Urology Center Of Idaho

Urology Center of Idaho
208.233.3355
500 S 11th Ave # 301

Pocatello, ID 83201

         
 

When men hit about 50, they frequently run into problems urinating. First symptoms include ‘urgency’ – as soon as you hear a running faucet, you got to go. And you better get there fast, because otherwise it feels like you’re going to have an accident. The stream is getting slower also. And then there is ‘slow stream’: Little by little, you may find yourself standing there still going, while others have come and left.

Then there is ‘nocturia’, which means nighttime voiding. You find yourself waking up with the bladder calling more and more often during the night. Then, when you get to the place, it becomes hard to get started. This is called ‘hesitancy’ in medical jargon. .

When things get worse, trips to the bathroom get more and more frequent even during the daytime. You may find yourself only going to places where you have scouted out where the bathrooms are. Sometimes it happens that just after you thought you got it all done, you got to go all over again. This usually means the bladder does not empty all the way.

Prostate Enlargement

Why does this happen? It turns out that about half of men above 50 will develop an enlarged prostate. Half of those will actually run into trouble with this, and will experience the above problems. Sometimes enlargement may be caused by prostate cancer. For further explanation please click here.

The Prostate’s Job
To explain what prostate trouble is, it is important to understand what the prostate is supposed to do in the first place. The prostate is a ‘genital ‘gland. Which means, that without it, we could not be fathers. Did you ever wonder how the same tube is used for urinating and also to father children? Somewhere there needs to be a 3-way switch! This switch is the prostate. Located just below the bladder, its first inflow is from it. In the middle of it, the semen stream comes in. Its outflow is the tube running through the penis called the urethra.

During ejaculation, the prostate shuts off the urinary stream, since otherwise the semen would take the easier route into the bladder, and no one would get pregnant. So, without the prostate, we could not have any children. 

Prostate Hyperplasia

When the prostate enlarges, which often happens with age, the urine flow through it becomes obstructed. This means that the bladder has to work harder to get the urine through the prostate. It turns out that the bladder has it’s own control center. When it becomes harder to push the urine out, the bladder reacts by regulating how much urine it will hold. The more volume that is in the bladder, the harder it would be to empty completely. This is a self-preserving strategy, otherwise the bladder would not empty, and back up urine to the kidneys. Should this happen, the kidneys would fail with fatal consequences. Going often and urgently is the body’s response to prostate obstruction. There are several ways to address this condition.

Conservative Management

Sometimes Urological surgeons forget that ‘doing nothing’ is an option! Initially when symptoms are not severe, they may be addressed with simply making changes such as reducing fluid intake in the evening or making sure to go to the bathroom just before bedtime.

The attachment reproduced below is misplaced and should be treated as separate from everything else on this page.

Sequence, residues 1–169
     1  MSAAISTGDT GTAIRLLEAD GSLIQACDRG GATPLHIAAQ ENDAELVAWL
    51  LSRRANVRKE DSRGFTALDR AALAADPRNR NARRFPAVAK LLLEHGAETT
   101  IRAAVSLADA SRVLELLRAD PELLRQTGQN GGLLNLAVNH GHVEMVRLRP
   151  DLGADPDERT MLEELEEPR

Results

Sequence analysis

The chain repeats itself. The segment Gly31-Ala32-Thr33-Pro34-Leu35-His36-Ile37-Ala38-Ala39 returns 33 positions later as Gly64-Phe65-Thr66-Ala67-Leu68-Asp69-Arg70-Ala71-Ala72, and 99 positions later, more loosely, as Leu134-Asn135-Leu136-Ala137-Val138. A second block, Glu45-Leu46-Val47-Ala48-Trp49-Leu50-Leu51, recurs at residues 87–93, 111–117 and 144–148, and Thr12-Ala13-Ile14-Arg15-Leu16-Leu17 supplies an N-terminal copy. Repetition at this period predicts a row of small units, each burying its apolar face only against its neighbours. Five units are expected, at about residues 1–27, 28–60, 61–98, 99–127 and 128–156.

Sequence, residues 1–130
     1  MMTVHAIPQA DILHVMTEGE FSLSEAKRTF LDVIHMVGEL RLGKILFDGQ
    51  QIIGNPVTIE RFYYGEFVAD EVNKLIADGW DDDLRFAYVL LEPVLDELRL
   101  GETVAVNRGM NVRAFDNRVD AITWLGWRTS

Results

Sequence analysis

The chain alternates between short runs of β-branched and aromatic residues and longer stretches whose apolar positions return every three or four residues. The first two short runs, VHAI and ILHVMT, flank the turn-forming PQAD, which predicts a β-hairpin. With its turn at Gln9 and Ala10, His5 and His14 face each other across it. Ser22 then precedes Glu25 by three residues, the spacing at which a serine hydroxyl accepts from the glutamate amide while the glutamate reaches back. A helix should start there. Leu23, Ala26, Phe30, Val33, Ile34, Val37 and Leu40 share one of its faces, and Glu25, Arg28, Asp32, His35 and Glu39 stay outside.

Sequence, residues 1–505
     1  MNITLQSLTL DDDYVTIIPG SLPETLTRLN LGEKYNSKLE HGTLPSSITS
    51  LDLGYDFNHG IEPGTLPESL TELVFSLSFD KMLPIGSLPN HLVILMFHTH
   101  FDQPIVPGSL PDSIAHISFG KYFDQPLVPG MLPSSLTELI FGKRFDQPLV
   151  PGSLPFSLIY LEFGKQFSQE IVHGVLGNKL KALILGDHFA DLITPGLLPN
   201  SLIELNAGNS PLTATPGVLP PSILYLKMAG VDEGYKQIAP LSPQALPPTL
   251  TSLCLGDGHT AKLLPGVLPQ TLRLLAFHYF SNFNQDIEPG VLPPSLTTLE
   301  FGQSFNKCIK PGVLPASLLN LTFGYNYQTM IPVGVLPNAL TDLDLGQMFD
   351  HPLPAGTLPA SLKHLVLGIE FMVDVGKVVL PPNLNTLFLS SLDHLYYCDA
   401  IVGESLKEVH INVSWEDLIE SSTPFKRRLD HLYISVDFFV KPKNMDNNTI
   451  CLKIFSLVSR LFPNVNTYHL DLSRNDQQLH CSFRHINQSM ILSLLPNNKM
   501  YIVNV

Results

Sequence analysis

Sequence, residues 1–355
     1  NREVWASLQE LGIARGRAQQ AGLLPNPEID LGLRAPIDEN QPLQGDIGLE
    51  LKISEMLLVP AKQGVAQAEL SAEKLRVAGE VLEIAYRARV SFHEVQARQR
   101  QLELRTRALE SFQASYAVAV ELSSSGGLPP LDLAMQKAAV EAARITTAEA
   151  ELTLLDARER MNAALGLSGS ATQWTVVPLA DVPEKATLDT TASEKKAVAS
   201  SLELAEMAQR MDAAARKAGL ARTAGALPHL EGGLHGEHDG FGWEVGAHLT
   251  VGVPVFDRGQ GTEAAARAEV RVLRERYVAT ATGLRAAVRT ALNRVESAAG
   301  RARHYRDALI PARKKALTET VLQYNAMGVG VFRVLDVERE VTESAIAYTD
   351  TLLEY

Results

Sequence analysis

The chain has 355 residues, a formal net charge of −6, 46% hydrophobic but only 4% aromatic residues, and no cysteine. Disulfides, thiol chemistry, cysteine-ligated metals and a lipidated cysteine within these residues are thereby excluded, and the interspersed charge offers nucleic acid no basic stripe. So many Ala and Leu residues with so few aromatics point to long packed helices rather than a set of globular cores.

Prescription Medicine Can Help

Half of the prostate is made up of muscle tissue. Prescriptions are available to relax this muscle which leads to easier voiding. This will take effect very rapidly (within a few days) and can relieve nighttime voiding and frequency. Medicines in this class are Doxazosin, Terazosin, Tamsulosin, Alfuzosin, or Silodosin.

However, prostate enlargement does not stop with these pills. They may delay symptoms, but do not prevent further problems as the gland continues to grow.

There are medications (Finasteride and Dutasteride) which keep further prostate enlargement. These reduce the testosterone effect on the gland. This works because the prostate needs testosterone to exist; without it, the gland will actually shrink. This process takes time and benefits take about 6 months to emerge.

These two types of medications are frequently used together. Many men are completely fine with this, and require no other measures to overcome their symptoms.

Prostate Procedures  

Sometimes the medications used to control prostate symptoms are not enough, or they are not tolerated. In that case, it is necessary to perform a procedure in order to open the urine stream. The technology to achieve this involves removal of obstructing prostate tissue with a special tool or with laser treatment. Rarely, in very large glands, open surgery is necessary. 

Surgery is very effective in controlling prostate symptoms. Most patients express remorse for prolonging their surgery option.

Treatment Decision

Whatever your case may be, the decision of how to deal with prostate symptoms lies with you. Dr. Sauerwein sees his function not so much as a surgeon, but as a teacher and partner. He is there to explain which options are available, so you are empowered to make the choice that is right for you. 

 

Prostate Screening

 

 



 
 

Urology Center of Idaho
500 S 11th Ave # 301
Pocatello, ID 83201
208.233.3355

 
 
         

Urology Center of Idaho
500 S 11th Ave Ste. 301,
Pocatello, ID 83201
208.233.3355

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98 Poplar St.
Blackfoot, ID 838221
208.785-3800

 

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